So back to the question: why am I writing about them? I love them. They are one of my favourite squashes and it’s nice to have something so readily available and delicious. Also I have a couple of recipes I made up using them. Both are fast, easy, use few ingredients and add protein. Unlike the Blue Banana, Tigerstripe Butternut and other really flavourful squashes, I generally don’t eat spaghetti squash plain, but I also don’t think eating it with tomato sauce is the tastiest option. Lately I’ve been making this stuffing, based on vegan “cheese curds” that someone made for poutine at the RAT House like 15 years ago in Edmonton:

Tahini Stuffing for one mini spaghetti squash

  • ¼ of a package extra firm tofu
  • 1 Tbsp. nutritional yeast
  • Bragg’s (to taste)
  • 1-1.5 tbsp. tahini

Preheat the oven to 450, cut the mini spaghetti squash in half, scoop out the guts, and bake it until almost done.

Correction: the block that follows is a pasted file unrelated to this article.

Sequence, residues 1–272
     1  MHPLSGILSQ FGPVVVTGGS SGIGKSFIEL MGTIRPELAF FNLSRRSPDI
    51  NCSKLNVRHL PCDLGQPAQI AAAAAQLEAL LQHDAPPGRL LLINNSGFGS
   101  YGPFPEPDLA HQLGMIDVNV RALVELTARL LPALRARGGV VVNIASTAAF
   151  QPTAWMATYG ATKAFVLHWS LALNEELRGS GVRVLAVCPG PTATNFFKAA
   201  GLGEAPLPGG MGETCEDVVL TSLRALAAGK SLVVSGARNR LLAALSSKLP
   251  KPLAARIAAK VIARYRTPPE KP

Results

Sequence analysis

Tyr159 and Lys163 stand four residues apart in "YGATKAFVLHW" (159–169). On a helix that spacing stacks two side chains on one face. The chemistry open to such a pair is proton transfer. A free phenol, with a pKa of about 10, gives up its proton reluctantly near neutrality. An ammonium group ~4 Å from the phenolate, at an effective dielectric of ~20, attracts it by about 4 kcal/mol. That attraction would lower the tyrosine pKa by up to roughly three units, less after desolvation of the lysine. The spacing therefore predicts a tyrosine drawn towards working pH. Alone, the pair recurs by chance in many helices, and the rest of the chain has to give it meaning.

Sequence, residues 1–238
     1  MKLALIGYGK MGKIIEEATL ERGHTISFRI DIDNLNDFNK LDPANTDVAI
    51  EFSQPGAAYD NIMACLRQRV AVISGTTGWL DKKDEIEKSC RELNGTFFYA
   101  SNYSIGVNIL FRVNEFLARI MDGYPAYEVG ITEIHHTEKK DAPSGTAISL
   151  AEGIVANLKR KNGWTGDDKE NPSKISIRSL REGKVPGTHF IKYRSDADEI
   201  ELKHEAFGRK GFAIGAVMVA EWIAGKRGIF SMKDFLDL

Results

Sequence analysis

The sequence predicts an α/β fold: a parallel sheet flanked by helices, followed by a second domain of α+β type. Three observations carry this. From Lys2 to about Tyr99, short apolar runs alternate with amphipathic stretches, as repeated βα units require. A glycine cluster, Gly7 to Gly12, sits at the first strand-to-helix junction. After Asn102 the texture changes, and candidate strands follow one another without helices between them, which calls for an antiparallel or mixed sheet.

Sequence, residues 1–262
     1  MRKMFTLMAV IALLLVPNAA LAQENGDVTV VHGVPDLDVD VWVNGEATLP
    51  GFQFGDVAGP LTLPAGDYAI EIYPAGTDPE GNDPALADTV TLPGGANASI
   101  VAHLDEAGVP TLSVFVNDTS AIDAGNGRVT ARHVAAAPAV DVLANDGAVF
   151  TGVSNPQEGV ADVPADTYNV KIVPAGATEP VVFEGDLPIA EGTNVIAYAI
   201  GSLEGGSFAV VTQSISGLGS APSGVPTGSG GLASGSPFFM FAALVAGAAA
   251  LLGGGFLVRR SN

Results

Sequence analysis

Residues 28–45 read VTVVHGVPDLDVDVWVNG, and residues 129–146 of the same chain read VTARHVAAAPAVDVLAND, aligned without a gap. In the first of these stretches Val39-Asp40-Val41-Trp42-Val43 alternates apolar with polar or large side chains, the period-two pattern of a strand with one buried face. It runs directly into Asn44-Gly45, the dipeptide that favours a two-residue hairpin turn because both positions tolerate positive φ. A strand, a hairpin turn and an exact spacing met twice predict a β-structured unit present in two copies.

Crumble the tofu into a bowl, and mix it up with the other ingredients.Mash it a bit with a fork so the tofu is in small but irregular pieces – not a total crumbly mush – leave some bigger chunks. Fill the squash’s cavities with the tofu mixture and put back in to bake at 450 until it’s hot and crusty on top. It would be great with a little miso too, but I feel bad destroying the good stuff in the miso by raising its temperature to 450.

There is also this creamy garlic sauce. I use it on all sorts of things, including spaghetti squash.

Creamy Garlic Sauce

  • ½ a package of silken tofu (I use Mori-Nu Lite silken, in the shelf-stable pack – also works with soft regular tofu)